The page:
Polypropylene is a lightweight semi-rigid material commonly used in packaging applications prone to warping, making it tricky to print. The material itself is tough and has high fatigue resistance making it great for low-strength applications such as living hinges, leashes, and straps.
- Bed Temperature: 85-100 °C
- Heated Bed: Required
- Enclosure: Recommended
- Build Surface: Packing Tape, Polypropylene Sheet
- Extruder Temperature: 220-250 °C
- Part Colling Fan: Required
Best Practices and Tips
It is tough to get polypropylene to adhere to the build surface. Typically, it only bonds well to polypropylene; as such, a packing tape is a good option as it is polypropylene-based. However, if you choose to use packing tape, be careful not to set the print bed temperature too high, as this can melt the tape.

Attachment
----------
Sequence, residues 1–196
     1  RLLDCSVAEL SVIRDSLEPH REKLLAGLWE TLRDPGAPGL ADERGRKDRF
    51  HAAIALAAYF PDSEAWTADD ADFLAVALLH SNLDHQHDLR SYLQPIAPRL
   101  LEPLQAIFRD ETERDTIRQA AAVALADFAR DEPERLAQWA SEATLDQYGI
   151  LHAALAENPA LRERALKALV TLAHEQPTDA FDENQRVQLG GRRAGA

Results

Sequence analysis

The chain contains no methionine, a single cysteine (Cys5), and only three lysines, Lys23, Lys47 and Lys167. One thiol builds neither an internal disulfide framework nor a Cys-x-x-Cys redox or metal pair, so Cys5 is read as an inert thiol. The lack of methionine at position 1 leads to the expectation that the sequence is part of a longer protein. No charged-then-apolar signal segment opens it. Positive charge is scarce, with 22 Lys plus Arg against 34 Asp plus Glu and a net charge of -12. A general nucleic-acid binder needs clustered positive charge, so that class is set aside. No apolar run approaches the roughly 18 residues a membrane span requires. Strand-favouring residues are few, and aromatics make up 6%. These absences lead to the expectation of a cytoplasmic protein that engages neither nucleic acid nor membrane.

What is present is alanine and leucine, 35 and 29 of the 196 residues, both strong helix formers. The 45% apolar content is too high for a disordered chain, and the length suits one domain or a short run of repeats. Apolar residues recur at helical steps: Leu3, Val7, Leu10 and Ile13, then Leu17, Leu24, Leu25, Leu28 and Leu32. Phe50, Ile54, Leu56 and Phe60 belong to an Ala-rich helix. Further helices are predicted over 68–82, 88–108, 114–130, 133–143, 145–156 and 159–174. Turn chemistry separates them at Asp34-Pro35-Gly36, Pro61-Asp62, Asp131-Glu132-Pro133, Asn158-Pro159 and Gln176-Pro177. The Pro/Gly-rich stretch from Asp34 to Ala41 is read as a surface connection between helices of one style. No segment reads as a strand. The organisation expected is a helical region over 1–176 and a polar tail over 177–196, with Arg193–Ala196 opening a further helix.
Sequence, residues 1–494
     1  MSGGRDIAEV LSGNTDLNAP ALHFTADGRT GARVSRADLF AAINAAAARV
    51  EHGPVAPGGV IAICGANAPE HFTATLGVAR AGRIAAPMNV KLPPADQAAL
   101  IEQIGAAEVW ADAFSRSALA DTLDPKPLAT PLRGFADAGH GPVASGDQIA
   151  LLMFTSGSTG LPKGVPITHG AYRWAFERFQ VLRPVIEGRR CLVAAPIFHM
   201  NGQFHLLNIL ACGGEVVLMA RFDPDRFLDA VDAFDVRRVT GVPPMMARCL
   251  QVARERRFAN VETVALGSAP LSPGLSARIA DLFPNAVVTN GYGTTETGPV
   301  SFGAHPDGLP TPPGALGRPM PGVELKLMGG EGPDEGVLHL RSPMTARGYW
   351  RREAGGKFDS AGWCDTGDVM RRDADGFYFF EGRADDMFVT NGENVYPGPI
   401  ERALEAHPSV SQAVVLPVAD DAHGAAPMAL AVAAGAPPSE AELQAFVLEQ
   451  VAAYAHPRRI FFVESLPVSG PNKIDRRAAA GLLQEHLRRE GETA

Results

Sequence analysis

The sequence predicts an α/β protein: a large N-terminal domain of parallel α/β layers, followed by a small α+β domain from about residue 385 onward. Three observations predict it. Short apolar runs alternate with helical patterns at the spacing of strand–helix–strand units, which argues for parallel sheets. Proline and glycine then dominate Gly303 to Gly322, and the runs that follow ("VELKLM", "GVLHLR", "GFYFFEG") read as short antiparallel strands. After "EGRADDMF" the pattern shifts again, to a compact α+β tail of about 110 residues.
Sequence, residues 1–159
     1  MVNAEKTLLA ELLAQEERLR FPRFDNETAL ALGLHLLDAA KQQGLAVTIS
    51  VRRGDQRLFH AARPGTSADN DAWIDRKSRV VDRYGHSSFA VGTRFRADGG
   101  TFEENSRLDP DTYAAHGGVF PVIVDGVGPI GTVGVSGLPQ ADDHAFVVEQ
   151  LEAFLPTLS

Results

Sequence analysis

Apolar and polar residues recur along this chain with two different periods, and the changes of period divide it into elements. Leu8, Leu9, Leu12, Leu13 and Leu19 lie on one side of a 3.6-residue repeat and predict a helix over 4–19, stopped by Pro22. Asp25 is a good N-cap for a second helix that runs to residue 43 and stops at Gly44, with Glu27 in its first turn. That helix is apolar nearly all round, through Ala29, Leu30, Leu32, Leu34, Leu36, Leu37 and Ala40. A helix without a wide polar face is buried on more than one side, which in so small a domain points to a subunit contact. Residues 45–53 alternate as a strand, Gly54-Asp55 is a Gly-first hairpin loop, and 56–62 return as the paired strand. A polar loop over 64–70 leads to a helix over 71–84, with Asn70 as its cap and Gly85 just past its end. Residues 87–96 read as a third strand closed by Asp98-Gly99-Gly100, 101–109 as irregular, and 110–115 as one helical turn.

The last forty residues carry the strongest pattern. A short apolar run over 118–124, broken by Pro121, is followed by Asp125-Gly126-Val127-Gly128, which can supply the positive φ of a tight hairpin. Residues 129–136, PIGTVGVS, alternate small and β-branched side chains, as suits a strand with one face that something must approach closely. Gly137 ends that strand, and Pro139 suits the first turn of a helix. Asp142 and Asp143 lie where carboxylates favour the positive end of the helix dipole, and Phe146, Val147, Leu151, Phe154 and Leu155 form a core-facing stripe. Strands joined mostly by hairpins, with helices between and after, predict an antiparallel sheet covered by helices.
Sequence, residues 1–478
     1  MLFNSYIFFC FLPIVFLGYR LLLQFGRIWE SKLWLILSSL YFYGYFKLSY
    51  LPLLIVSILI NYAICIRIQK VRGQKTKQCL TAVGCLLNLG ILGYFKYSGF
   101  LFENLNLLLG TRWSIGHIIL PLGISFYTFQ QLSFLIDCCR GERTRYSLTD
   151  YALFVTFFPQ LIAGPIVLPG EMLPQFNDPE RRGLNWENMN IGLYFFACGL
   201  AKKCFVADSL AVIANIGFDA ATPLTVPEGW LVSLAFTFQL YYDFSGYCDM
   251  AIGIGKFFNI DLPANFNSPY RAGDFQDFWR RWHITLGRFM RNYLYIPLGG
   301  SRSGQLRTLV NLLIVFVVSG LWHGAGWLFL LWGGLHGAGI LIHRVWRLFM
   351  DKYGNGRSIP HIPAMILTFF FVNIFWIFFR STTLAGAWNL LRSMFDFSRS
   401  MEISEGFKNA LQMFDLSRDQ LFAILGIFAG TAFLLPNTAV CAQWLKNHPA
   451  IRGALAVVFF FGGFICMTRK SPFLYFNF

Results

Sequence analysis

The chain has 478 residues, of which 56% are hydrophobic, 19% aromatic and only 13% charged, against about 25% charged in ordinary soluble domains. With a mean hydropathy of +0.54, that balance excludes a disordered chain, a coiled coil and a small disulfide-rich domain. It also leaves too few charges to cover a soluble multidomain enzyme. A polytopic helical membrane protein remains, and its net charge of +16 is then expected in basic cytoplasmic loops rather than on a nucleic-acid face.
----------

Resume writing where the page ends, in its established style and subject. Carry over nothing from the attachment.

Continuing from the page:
If you use packing tape, you may find it very difficult to remove the print from the tape as it can permanently bond. However, using a raft can help you bypass this issue by placing a discardable filament layer between the tape and print.
Being very prone to warping, we highly recommend that an enclosure is used to maintain the ambient temperature; when doing so. You should be careful that this doesn’t raise the print bed temperature enough to melt the packing tape.
Although it generally prints well at lower temperature ranges, you can improve layer adhesion and thus strengthen it by using a hotter print temperature. Around 240°C should be enough for this effect to show.
To reduce the chance of the print permanently bonding with the print bed, you can reduce the print temperature of the first few layers; While this may help reduce the bonding force, it may also result in your print warping.
- Good impact, heat, and fatigue resistance
- Somewhat flexible
- Smooth surface finish
- Very prone to warping
- Low strength
This information should give you a great starting point for polypropylene printing. Have you got any specific projects you’re planning to use polypropylene for? If so, let us know down below.